Thursday, January 17, 2008

Resolving Credit Card Disputes

Dear Alpha Consumer,
I was renting a storage room from a popular company. I set up automatic payments on my credit card to pay for it. After closing my account at the storage place and moving to another state, my card continued to get billed. I realized this about a month later and called to tell the storage company. The manager asked me to fax my paperwork showing I had closed the account. I did so several times, but the company continued to bill me for four months. I have tried calling the manager and filed a complaint with the Better Business Bureau. What are my options, besides just paying the bill?
The good news is that you paid with a credit card, which offers you extra protection. The bad news is that four months have lapsed, which might make it more difficult to get your money back.
When you've been charged in error, the first step always is to ask the retailer for a refund, which you did. If that doesn't work, then it's time to call your card provider. Providers act as referees—and luckily, they want you to win.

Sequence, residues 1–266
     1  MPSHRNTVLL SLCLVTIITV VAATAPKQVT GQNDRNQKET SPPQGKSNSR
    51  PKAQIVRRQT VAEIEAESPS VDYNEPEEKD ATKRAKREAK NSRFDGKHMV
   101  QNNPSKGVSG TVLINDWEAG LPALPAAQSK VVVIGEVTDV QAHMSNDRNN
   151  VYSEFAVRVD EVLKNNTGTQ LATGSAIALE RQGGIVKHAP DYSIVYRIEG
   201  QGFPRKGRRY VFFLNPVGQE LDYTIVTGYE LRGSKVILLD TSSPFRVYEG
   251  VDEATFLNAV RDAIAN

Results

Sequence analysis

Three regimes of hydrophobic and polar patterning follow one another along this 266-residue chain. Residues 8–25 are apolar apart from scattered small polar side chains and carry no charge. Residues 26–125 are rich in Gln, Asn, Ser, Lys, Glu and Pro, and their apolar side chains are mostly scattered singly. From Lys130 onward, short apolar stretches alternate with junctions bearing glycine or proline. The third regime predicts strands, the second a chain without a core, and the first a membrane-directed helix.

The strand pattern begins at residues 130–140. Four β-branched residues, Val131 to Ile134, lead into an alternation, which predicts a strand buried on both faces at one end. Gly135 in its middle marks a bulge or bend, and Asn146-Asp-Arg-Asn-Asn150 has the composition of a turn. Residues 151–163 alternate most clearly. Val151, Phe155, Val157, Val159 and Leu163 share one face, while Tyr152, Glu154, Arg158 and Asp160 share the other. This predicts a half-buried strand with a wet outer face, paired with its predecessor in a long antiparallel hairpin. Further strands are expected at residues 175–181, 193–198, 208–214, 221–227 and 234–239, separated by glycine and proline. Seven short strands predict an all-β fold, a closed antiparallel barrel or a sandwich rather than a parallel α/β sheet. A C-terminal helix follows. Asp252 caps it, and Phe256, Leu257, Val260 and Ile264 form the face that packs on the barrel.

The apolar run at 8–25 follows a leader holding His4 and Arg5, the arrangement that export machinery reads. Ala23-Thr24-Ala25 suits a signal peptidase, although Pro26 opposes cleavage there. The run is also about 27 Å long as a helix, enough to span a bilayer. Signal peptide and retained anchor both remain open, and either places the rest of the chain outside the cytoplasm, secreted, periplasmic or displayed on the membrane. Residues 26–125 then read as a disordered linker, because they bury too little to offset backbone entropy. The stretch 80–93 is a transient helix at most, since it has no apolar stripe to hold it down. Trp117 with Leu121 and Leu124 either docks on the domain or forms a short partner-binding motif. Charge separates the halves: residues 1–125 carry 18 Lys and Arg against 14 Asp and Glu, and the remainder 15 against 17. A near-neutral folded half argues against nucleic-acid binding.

All of the companies that I asked, including Discover, American Express, and Bank of America, said that they investigate disputes on behalf of their cardholders, and in the meantime they credit the customer for the charge that is being disputed. But they typically require such complaints to be filed within 60 days (at Discover, it's 180 days), and after that time has elapsed, treat situations on a case-by-case basis. So don't be slow about picking up the phone.
There are other caveats. While the burden of proof to show that the transaction is valid falls on the seller, the merchant may argue that it was legitimate. If the card provider believes the merchant, then you can use paperwork or other evidence to bolster your argument, but there are no guarantees.
Usually, though, credit card providers are like loyal best friends who always take your side in disputes with outsiders. (Disputes about extra fees and interest rate hikes are another story.) "Credit card companies almost always take your side unless the merchant can provide a very good explanation of why your dispute is false," says Justin McHenry, research director at and Zen Personal Finance blogger.
McHenry warns, though, that complaining too often could earn you a bad reputation, and your card provider may stop being so sympathetic—just like a former best friend.

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